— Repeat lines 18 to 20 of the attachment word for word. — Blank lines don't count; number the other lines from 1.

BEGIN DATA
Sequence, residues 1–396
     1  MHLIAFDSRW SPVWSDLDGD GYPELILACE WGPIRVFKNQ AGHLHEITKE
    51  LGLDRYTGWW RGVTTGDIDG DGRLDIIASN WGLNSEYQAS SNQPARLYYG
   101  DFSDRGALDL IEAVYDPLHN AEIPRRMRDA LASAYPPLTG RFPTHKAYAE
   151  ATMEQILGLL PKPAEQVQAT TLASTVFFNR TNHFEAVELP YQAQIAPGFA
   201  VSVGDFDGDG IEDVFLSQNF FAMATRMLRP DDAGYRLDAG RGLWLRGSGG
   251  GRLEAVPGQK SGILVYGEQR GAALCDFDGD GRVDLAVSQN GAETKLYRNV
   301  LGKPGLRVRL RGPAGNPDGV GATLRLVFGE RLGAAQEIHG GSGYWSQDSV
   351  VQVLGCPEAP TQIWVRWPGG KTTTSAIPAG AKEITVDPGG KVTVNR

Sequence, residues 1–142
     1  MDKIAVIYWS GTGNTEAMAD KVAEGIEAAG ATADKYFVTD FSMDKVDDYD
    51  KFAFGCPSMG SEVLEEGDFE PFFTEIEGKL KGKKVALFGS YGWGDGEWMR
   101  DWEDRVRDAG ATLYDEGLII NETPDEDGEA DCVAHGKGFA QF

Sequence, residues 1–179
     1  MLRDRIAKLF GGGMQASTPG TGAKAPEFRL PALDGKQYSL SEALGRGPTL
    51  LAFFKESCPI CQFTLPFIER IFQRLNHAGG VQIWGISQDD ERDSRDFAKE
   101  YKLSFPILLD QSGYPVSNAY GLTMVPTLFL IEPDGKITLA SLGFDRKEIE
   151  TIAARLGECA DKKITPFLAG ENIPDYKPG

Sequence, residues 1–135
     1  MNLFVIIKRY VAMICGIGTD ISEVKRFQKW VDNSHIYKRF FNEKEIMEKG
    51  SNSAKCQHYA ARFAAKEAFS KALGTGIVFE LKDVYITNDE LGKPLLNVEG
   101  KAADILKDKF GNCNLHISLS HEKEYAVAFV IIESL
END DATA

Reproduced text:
   151  TIAARLGECA DKKITPFLAG ENIPDYKPG

Sequence, residues 1–135
     1  MNLFVIIKRY VAMICGIGTD ISEVKRFQKW VDNSHIYKRF FNEKEIMEKG